But I think I know what you mean, KW.
    You see the ability of 'science' (Blessed be her Name) to adapt herself into new roles and a 'beautiful' ability. You admire it.
    I would respectfully suggest, that is not a mythical sentient 'science' that adapts, but rather the scientists within the CULTURES they have been allowed to flourish in. Mainly, in our epoch, that has been the Christian (and Theist in general) culture.
    When those 'controls' are removed, and 'science' is deified...we end up with some really nasty stuff.

  6. Darwinists aren’t in pa panic. This is business as usual in science.

    Darwinism is not science; it's a poor form of religion.

    It is based on the belief that things happen by themselves and are their own causes and that scientific evidence can be interpreted any which way one desires to fit in a materialistic worldview.

    So, of course, it’s business as usual!

  7. @anon/KW:

    [This demonstrates the beauty of science. Science has been so successful in increasing human knowledge precisely because it constantly challenges itself to provide better, more accurate, explanations. Having to modify or abandon certain assumptions in a subdisipline is evidence of progress. Undoubtedly new hypothesis will arise with their own set of assumptions and predictions; they in turn will also undergo scrutiny.]

    So you support teaching the strengths and weaknesses of Darwinism in public schools?

    [Darwinists aren’t in pa panic. This is business as usual in science.]

    Nope. They've just come to see the banality of the application of their theory to psychology. Getting closer to seeing the banality of their theory to biology...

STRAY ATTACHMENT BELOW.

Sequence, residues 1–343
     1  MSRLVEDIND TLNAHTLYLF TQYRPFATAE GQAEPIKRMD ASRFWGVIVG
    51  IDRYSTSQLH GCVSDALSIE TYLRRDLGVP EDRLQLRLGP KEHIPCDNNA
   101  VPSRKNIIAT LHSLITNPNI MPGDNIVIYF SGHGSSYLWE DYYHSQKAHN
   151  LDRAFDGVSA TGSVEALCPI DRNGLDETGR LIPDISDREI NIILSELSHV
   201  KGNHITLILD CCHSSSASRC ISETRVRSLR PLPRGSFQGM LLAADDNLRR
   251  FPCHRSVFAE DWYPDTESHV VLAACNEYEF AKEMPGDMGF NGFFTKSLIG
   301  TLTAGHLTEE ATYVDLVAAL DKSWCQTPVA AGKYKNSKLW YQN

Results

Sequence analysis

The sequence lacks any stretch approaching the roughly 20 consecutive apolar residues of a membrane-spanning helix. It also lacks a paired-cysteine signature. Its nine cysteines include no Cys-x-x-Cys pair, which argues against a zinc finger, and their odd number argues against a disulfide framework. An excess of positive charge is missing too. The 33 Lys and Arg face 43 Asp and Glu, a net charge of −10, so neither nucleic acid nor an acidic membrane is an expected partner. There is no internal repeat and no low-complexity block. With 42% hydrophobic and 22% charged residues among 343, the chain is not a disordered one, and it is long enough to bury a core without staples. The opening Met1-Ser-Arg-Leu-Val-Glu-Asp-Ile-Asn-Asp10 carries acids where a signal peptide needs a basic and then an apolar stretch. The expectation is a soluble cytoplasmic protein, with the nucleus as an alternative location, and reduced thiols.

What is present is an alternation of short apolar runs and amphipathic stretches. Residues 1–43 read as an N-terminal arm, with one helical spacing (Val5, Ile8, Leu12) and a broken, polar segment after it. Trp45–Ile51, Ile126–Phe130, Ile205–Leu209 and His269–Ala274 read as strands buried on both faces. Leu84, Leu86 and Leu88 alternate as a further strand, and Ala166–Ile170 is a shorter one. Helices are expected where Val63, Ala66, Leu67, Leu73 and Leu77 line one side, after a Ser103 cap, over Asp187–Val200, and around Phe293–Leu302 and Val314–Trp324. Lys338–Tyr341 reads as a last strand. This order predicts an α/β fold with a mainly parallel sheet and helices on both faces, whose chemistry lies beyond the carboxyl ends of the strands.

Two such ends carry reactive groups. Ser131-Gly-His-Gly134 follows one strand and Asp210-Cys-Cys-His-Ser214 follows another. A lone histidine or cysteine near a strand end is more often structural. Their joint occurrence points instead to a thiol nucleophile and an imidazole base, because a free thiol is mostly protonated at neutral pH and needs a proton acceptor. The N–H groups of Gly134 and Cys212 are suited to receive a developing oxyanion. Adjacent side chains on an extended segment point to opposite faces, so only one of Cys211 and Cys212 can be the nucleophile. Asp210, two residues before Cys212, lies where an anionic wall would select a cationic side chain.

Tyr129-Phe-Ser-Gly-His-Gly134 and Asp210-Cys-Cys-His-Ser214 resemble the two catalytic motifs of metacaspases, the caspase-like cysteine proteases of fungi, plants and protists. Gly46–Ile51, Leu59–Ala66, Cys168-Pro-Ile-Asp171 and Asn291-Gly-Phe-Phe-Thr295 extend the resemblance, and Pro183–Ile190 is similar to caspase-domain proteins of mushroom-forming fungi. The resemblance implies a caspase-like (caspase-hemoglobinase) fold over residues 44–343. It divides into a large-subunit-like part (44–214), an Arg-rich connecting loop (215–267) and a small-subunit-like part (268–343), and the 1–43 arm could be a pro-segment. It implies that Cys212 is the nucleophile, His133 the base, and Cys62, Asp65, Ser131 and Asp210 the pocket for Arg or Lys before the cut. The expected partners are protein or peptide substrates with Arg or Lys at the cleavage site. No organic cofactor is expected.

8. “So you support teaching the strengths and weaknesses of Darwinism in public schools?”

    Absolutely, right along side the strengths and weakness of creationism.


  9. As some atheist commenters of this blog would say, here I go quote mining again.

    The following is from Uncommon Descent regarding evolutionary psychology.

    Actually, Aunger, to his credit, has begun to alert the world to the silliness virus that has afflicted evolutionary psychology, which Mario Beauregard and I outline in The Spiritual Brain.

    Primo, my university professors taught me that quoting was as important as publishing.

    Secondo, I recommend The Spiritual Brain to anyone who seeks the truth with an open mind.

    Tertio, I agree with Doctor Egnor that evolutionary biology will eventually suffer the same fate.

    Quatro, the whole darn… Darwinian evolution shebang with be dead in the water by 2020!

    As a famous US President once said:

    You can fool some of the people all the time, and all of the people some of the time, but you cannot fool all of the people all the time.

    And you cannot fool Mom!

  10. Michael,

    Did you actually read the original article in PLoS or just the review in Discover?

    It might be due to my iPad, but you don't seem to have provided a link to the article (although it was very easy to find) and that article provided a link to the original article too.